What is the impetus to serialize a story? After all, we don't have the tangible, real-word constraints that necessitated the serialization of many early 20th-century stories in the first place.
Do readers really digest serials bit by bit as they're fed, or do they wait until the end to feast?
That serialized fiction originally arose from necessity, as Ben mentions, suggests, I think, that serialization now, where there is no necessity (and where there is no additional formal innovation) risks being gratuitous. However, there may be aspects of it I have failed to consider. For instance, we might conceive of the recent tendency to serialize fiction online as a publishing development (in the sense that it can be good exposure for the story, allowing it to reach many more readers than it ordinarily would) as opposed to a literary or aesthetic development. In other words, serialization may more properly be a concern of publishers and editors than of writers and artists.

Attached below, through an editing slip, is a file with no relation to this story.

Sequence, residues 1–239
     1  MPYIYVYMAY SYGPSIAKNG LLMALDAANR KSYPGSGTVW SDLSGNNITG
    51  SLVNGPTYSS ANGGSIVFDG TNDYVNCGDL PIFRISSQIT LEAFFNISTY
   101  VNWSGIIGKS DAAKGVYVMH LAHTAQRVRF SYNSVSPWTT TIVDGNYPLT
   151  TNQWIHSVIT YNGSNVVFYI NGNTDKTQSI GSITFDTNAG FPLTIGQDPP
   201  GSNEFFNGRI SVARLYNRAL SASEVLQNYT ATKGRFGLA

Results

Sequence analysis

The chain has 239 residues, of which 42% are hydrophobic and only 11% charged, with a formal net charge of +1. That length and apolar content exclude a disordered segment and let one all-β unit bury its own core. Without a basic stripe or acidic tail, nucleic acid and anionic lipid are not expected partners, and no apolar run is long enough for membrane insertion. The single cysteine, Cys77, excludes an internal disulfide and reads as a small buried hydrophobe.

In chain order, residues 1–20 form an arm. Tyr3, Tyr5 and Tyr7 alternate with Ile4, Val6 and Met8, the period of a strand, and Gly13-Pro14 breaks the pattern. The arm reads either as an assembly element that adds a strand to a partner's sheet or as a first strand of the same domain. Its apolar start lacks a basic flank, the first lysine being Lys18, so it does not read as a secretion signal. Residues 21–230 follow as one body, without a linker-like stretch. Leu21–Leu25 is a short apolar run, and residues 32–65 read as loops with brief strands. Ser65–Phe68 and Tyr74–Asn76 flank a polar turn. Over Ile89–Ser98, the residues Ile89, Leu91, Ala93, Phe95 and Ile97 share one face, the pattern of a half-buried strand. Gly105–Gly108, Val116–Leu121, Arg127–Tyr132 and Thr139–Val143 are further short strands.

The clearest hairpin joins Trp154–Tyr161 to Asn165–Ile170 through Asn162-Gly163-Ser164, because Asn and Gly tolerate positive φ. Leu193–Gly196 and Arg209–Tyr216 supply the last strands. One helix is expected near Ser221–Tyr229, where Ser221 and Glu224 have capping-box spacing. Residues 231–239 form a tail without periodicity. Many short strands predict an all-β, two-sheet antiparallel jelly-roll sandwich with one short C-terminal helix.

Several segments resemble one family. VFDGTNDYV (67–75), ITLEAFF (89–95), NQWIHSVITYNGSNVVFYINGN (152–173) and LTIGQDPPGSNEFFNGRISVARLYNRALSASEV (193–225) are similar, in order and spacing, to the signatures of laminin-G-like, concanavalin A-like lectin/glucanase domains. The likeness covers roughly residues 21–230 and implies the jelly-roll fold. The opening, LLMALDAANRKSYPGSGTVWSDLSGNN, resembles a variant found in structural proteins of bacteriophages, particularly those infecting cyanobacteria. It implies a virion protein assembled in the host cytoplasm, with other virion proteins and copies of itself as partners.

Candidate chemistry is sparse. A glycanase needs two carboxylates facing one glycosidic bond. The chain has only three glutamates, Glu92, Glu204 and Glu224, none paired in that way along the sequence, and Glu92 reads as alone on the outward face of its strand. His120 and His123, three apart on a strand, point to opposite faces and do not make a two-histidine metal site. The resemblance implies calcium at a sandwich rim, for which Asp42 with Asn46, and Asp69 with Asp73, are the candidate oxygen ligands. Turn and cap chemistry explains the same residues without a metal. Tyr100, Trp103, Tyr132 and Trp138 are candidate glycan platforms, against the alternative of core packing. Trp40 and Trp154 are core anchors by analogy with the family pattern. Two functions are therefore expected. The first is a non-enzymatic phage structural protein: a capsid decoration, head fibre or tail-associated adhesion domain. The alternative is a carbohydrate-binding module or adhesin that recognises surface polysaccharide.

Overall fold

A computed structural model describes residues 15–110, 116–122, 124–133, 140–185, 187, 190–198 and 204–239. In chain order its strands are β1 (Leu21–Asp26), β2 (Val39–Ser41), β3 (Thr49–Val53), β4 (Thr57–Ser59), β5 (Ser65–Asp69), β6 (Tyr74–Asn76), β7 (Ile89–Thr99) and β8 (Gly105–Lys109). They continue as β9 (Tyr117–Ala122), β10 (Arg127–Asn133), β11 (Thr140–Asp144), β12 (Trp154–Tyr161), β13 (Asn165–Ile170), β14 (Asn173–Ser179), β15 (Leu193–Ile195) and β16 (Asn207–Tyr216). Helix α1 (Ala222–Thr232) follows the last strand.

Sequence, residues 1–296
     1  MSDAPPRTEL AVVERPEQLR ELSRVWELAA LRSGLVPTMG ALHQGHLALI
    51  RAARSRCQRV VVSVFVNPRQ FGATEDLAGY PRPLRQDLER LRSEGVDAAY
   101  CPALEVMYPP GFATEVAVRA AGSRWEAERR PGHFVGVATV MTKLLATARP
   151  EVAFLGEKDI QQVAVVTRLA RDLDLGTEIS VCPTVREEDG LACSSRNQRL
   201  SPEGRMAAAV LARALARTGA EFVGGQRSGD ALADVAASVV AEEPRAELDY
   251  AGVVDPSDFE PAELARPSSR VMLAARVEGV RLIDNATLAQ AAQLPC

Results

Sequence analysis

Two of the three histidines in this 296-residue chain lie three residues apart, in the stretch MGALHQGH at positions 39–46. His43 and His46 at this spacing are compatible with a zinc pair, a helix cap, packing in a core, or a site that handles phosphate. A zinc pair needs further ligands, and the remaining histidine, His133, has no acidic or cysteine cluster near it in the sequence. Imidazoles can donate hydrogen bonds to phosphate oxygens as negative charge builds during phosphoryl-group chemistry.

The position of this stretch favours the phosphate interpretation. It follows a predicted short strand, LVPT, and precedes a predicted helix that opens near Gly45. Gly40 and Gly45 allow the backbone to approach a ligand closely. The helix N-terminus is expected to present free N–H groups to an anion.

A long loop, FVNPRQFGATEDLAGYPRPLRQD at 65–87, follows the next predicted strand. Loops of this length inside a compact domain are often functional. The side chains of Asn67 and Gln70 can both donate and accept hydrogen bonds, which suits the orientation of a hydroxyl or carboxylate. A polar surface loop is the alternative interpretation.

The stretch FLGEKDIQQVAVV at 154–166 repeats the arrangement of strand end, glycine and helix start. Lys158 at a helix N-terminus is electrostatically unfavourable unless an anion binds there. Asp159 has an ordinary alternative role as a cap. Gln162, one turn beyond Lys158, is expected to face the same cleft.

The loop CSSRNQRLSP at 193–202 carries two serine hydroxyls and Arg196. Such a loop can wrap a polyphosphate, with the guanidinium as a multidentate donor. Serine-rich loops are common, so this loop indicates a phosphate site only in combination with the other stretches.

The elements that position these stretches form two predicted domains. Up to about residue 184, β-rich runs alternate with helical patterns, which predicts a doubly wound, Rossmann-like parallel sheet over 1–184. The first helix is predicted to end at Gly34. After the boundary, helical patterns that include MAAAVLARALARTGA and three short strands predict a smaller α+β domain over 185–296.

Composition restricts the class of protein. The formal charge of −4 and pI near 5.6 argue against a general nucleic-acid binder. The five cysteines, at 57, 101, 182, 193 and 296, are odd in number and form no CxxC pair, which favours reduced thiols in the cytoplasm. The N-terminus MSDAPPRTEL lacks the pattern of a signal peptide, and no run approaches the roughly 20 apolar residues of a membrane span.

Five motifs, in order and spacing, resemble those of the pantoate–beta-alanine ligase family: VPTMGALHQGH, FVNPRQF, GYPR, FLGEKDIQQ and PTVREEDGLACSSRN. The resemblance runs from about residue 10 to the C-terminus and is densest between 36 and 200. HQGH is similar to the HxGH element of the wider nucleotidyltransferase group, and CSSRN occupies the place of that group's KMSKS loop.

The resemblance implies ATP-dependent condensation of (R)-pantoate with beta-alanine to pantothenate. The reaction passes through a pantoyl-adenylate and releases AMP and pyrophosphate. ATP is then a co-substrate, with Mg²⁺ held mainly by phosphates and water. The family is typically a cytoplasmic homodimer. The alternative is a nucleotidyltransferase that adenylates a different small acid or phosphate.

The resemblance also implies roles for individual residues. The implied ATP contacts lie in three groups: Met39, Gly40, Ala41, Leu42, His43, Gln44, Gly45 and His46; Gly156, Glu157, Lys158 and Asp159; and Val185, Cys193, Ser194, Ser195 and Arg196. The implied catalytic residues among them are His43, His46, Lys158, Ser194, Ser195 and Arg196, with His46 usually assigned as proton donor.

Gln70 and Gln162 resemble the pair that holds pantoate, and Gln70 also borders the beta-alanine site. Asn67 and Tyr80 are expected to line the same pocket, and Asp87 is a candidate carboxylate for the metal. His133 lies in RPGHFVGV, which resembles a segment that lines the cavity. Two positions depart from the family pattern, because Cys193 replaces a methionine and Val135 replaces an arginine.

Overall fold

I think serializations are almost always more successful when the work is by an established writer than somebody not so established. Like when King did The Green Mile -- eventually all six of those mini-books were on the New York Times bestseller list. Of course, we're talking about online here, and personally, I'd rather wait until the entire thing is done to read it all at once. Like with the online journal Five Chapters, yeah it's a neat concept, but if I want to read a story there I'll wait until the week is up and then read the entire thing than bit by bit. Of course, if it's a print magazine, and the story is a novella being broken up into three pieces ... yeah, I might give that a shot. But again, it depends on the author. And the story. And if I have the time to remember to keep coming back.
Like Olivia, I think serials can/do work ... but my attention span is bad. Also, I don't check Twitter every night so I think it would be tough for me to keep up with certain pieces.
In theory, I like the idea of serialization but I'm also a bit wary of people like me who don't stay on top of things as they unfold.
A link to an article about a writer serializing his detective novel by mail - that is, by sending it to individual readers via the U.S. Postal Service: